Vallandingham — what will Lincoln do?

The sympathizers in New York have made a direct appeal to the Washington Dictator to let Vallandigham loose, reminding him that they look upon the arrest and trial of the Ohio statesman as a violation of the Constitution and laws of the United States. The resolutions in which this conclusion is asserted were the formally adopted opinions of immense meetings, at which sentiments stronger than those in the resolutions themselves were freely uttered — sentiments, indeed, more violent and offensive to the Federal Executive than those uttered by Vallandigham, for which he has been sent to Fort Warren. Letters addressed to the officers of the meeting, especially that of Governor Seymour's, assert that if the proceedings in Vallandigham's case remain as the judgement and final decision by the Government, that they have beyond question already established at the North a complete military despotism. The New York Herald, which has been playing fast and loose, endeavoring to keep with the Administration and the people too — having a very great consideration for both its editorial neck and its editorial fisc-- is constrained to declare its own disapprobation of the course of the Government in regard to Vallandigham. It is, no doubt, forced to this by popular feeling as well as the sentiment of the press. The Herald could not withhold its disapproval of such a high-handed exercise of power, when even the Tribune and the Evening Post, negro-worshipping Black Republicans, declared their opinions decidedly in opposition to it. The following expression thereon, from the Herald of the 20th, may be taken as indicative of the popular view of this matter at least in New York:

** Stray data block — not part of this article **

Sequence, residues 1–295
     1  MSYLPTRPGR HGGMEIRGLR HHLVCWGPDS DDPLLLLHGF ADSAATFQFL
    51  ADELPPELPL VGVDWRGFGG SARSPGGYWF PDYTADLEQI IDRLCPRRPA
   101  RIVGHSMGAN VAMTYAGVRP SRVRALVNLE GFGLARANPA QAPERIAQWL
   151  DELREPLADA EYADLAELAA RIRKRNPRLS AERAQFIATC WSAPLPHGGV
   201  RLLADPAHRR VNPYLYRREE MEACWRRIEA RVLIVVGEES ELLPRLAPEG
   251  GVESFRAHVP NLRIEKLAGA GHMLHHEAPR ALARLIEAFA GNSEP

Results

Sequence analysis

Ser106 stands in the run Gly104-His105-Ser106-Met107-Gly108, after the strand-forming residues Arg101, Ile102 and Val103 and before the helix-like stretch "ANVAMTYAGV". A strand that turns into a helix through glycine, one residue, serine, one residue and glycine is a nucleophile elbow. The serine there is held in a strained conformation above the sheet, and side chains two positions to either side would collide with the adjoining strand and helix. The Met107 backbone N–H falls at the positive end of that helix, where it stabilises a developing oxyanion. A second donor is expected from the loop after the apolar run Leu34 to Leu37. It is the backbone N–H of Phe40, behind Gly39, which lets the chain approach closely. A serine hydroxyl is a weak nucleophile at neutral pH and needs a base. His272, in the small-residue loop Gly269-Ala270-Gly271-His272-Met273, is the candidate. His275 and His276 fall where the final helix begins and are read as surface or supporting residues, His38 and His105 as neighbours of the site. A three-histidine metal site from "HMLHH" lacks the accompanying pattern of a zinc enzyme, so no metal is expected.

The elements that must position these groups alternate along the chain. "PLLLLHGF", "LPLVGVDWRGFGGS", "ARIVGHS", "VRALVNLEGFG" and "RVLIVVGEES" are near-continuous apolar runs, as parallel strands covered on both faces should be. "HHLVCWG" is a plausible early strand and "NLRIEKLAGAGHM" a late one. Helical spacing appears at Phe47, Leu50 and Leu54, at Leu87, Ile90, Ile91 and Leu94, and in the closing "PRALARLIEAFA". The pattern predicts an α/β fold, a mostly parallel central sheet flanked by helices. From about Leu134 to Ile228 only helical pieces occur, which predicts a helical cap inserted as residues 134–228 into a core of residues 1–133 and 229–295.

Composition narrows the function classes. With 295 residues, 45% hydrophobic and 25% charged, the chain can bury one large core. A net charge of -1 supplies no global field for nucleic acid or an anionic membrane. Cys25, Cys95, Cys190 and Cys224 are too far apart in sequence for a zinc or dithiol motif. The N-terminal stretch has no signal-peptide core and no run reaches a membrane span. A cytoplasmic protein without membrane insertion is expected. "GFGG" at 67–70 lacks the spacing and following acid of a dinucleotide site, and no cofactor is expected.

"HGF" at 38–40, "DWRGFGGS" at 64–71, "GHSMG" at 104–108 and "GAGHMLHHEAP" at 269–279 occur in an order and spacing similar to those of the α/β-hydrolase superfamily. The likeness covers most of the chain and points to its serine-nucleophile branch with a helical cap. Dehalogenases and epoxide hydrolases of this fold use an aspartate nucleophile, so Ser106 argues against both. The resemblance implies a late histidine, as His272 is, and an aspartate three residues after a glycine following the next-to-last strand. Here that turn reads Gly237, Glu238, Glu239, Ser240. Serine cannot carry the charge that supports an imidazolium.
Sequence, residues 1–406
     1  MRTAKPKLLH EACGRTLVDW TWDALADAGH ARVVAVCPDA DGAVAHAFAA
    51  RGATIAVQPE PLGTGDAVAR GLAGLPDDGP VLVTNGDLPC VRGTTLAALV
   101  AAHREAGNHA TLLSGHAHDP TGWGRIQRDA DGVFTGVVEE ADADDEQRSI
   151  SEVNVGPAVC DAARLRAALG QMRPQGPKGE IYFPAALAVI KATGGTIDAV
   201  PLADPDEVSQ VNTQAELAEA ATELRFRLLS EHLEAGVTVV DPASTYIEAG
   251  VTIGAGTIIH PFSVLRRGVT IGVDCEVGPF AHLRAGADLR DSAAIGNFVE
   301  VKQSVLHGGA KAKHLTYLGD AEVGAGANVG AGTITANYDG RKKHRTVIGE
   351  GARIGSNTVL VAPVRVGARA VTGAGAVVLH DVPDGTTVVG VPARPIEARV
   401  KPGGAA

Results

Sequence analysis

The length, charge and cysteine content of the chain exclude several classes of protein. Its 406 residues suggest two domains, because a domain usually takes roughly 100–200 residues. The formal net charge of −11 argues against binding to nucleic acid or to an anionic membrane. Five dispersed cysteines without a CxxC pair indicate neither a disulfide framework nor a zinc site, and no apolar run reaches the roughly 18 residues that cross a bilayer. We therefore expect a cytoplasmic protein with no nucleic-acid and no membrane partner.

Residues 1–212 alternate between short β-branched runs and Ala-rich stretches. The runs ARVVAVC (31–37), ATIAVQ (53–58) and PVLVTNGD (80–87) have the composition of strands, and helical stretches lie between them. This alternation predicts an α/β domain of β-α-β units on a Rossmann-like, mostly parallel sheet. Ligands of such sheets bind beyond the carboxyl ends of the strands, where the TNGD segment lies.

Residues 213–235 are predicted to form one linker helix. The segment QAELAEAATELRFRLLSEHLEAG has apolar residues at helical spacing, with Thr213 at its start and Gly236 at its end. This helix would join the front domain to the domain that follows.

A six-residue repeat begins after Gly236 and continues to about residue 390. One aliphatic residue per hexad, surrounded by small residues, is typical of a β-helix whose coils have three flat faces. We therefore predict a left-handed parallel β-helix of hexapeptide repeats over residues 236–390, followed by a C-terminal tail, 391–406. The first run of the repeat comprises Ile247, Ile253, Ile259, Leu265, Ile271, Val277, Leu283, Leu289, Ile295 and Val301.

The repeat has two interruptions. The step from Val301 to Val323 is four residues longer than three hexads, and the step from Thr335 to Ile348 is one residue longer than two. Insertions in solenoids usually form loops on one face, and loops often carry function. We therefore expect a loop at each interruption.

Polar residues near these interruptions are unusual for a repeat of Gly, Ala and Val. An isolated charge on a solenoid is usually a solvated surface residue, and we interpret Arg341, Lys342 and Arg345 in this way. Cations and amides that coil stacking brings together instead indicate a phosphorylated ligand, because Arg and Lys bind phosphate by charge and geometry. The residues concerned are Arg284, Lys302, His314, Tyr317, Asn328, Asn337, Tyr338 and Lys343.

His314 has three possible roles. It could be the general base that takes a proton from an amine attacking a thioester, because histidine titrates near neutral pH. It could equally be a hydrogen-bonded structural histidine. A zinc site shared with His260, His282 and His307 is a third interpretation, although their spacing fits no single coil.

‘ "If General Burnside on his own responsibility initiated these late military proceedings against Mr. Vallandigham, he has foolishly dashed himself against a stone wall much more difficult to carry than that along the heights of Fredericksburg. If he has acted under instructions from Washington, the Administration has committed the grave mistake. In either event it is within the power of President Lincoln to reverse these proceedings, and to turn over the accused to the civil authorities. The Northern elections of last autumn involved a serious warning from the loyal States against these arbitrary arrests — a warning which, it was hoped, had put an end to them. Under this conviction the people of the several States concerned in our spring elections rose up to sustain the Administration and the war against all the peace clamors of the Copperheads. In Connecticut, where those agitators were the most numerous and violent, they were most signally defeated.--But this Vallandigham affair furnishes the very capital to these Democratic radicals which they have so much desired, and puts them in a constitutional position from which they cannot be displaced. The public sentiment of New York, and of all the loyal States, on this point is with them, and the Administration must quash these military proceedings against Vallandigham, and recognize the vitality of the civil law in the loyal States, or there will be civil war in the North."